The great unknown is Iraq and the shape of that country in 37 days and how that will affect voter attitudes on Nov. 2.
“If they believe invading Iraq has made us safer as the vanguard in the war on terrorism, people will probably vote for Bush,” said Terry Madonna, director of Pennsylvania’s nonpartisan Keystone Poll.
“If they think going to war was a mistake and Iraq is a mess, they’re probably going to vote for Kerry.”
One thing the candidates and their strategists can control over these last few weeks is the allocation of time and resources.
Both campaigns had viewed the country as a land of unbounded opportunity. Bush’s team once spoke of carrying California, but a Los Angeles Times poll last week showed the president trailing in the state by 15 percentage points. Kerry campaigned in Virginia, but his team has since written off the state, which has not voted Democratic in a presidential race since 1964.
Strategists for the two camps are making cold-eyed calculations about where their candidates stand realistic chances of winning. As a result, states are rapidly falling off the political map, leaving just a handful that Democrats and Republicans rate as true tossups.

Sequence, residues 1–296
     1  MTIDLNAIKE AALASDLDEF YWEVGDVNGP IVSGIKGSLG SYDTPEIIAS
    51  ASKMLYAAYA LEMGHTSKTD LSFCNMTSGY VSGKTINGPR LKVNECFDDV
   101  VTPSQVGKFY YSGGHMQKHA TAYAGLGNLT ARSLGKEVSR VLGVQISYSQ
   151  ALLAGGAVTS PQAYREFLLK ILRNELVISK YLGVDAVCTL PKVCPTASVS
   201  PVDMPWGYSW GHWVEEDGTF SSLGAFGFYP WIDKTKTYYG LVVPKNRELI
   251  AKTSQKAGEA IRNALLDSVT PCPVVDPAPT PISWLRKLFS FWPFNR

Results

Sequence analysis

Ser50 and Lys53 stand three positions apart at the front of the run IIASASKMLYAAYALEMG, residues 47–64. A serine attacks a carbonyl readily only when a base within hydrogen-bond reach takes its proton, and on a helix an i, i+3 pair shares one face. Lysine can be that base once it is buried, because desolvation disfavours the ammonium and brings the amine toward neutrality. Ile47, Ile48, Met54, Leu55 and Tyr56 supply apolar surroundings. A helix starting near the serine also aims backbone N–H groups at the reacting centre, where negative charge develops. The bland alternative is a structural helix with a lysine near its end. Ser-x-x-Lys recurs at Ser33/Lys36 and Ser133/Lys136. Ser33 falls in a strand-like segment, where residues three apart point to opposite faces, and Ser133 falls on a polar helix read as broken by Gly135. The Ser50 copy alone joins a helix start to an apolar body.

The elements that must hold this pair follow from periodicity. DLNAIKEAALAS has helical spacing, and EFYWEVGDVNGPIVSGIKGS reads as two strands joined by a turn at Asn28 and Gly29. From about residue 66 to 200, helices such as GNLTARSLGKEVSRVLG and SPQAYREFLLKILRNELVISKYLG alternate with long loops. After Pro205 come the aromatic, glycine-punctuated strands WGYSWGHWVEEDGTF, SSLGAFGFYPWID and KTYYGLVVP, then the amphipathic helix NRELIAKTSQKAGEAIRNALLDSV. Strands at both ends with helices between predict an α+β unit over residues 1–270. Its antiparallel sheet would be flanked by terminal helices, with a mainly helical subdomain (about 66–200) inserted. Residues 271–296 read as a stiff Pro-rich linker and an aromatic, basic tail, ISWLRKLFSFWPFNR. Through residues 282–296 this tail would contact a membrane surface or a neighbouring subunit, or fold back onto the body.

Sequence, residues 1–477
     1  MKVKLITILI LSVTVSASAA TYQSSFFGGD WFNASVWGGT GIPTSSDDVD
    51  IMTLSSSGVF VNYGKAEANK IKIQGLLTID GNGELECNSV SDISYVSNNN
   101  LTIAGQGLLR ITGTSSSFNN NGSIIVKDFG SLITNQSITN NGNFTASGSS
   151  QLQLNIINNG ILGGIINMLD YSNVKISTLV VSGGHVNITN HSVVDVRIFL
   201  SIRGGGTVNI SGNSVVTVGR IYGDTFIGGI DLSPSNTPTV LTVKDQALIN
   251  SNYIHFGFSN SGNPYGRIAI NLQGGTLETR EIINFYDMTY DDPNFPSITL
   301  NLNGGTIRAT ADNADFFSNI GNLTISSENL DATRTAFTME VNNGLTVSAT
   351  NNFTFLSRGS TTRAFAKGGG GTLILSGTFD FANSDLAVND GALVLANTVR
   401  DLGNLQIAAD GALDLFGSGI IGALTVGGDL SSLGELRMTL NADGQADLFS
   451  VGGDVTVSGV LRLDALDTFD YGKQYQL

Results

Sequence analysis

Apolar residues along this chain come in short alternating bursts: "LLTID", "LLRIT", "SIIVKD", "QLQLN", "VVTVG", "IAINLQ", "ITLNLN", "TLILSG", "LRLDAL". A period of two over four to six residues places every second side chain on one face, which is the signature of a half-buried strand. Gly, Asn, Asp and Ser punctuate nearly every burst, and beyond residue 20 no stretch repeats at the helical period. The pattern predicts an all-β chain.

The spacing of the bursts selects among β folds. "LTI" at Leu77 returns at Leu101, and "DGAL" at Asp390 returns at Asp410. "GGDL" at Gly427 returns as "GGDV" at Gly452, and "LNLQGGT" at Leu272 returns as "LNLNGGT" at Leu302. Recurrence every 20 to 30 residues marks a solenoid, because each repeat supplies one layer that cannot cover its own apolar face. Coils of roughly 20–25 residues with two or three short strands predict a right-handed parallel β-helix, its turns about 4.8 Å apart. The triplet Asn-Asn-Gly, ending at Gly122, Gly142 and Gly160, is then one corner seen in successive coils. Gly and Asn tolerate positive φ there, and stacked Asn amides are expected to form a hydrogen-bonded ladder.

Those states, totaling 79 electoral votes, are Florida, Pennsylvania, Wisconsin, Iowa, New Mexico, West Virginia and New Hampshire.
Several other states remain in play, campaign strategists and independent analysts say, even as they have appeared to tilt to either Bush or Kerry. These include Ohio, Michigan, Nevada, Maine and, to a lesser extent, Minnesota, Oregon and Missouri, totaling another 83 electoral votes. Democrats also are keeping an eye on Colorado, with nine electoral votes, as a GOP-leaning state that is closer than expected and could grow more competitive.